Participatory evaluation of mobile tree nursery
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Abate Tsegaye, Elias Cherenet, Hadera Kahesay. (14/11/2016). Participatory evaluation of mobile tree nursery, in "Mitigating Land Degradation and Improving Livelihoods - An integrated watershed approach". United States: Taylor & Francis (Routledge).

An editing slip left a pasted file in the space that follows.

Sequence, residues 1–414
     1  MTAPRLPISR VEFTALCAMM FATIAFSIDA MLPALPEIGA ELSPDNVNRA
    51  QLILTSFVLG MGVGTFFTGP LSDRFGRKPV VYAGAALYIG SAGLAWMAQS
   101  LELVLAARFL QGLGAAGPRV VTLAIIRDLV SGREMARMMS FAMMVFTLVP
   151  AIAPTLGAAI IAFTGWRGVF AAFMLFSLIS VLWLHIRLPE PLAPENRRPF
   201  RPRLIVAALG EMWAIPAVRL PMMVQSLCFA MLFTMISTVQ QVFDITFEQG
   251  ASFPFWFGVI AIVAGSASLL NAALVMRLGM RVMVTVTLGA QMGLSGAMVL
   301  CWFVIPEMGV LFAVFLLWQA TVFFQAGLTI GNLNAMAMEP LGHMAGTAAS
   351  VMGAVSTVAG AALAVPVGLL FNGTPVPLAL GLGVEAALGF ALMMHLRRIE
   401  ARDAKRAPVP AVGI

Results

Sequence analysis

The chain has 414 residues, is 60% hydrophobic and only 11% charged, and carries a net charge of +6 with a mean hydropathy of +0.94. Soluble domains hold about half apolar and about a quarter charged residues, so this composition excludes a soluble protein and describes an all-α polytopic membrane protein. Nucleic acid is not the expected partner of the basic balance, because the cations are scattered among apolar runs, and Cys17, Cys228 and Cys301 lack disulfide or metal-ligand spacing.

Tree nurseries vary greatly from a few dozen seedlings grown in household nurseries to mechanized commercial enterprises producing millions of seedlings per year. Household nurseries are established and managed by individual farmers and/or their families to meet the family’s need for tree seedlings; they may also generate income through selling seedlings. Furthermore, seedlings may be provided to community members to enhance local relationships and social capital (Roshetko et al., 2010). The establishment of permanent and high capacity nurseries requires initial high investment, utilizes the land permanently and is labour intensive. Fencing, land preparation and installation of irrigation systems are some of the activities needed to establish a permanent forest tree and shrub nursery: mobile nurseries may help to avoid these issues. In addition, farmers can transport mobile nurseries with small quantities of seedlings on their shoulders or back, or by donkey or horse. Nursery production is a seasonal activity and seedling numbers will vary considerably depending on the forest development project. Flexible, easily manageable and effective nurseries are important to fulfil the demand at household level and encourage forest development that will contribute to preventing land degradation and help to mitigate the effects of climate change. Nursery practices may be carried out in the morning or evening in conjunction with animal management activities, contributing to more efficient household labour. Thus, mobile nurseries made from locally available material could circumvent the need for high cost permanent nurseries as well as reduce the costs of household labour.